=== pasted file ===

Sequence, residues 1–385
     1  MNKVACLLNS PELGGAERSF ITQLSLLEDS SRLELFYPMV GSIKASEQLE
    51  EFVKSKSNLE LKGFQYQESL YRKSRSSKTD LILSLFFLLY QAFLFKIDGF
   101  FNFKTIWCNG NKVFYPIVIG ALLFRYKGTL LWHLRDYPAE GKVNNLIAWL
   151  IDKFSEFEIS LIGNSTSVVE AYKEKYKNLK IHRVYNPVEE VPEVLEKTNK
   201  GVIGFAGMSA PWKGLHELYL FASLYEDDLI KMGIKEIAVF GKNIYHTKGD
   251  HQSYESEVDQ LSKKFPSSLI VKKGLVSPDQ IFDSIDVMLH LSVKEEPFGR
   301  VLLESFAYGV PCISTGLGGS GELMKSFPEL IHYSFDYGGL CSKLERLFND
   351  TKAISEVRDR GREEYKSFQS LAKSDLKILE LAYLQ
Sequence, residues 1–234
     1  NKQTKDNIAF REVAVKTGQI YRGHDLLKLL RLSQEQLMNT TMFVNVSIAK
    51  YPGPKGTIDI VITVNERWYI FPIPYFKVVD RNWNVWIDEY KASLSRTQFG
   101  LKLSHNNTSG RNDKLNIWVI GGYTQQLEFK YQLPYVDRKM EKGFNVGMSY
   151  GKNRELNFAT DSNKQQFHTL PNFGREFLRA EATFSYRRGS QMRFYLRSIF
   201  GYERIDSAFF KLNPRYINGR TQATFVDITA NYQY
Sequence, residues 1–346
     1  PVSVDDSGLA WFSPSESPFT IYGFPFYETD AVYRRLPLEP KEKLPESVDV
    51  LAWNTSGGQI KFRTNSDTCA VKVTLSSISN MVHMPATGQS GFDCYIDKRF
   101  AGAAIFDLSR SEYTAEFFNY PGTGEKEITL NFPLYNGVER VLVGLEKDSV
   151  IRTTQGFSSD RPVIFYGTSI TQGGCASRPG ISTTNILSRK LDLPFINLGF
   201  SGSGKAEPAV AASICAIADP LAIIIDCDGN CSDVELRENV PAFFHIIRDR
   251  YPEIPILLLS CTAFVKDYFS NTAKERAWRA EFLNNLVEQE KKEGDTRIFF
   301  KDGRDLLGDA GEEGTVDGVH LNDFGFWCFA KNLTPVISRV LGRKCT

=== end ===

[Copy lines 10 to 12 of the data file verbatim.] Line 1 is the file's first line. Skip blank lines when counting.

Sequence, residues 1–234
     1  NKQTKDNIAF REVAVKTGQI YRGHDLLKLL RLSQEQLMNT TMFVNVSIAK
    51  YPGPKGTIDI VITVNERWYI FPIPYFKVVD RNWNVWIDEY KASLSRTQFG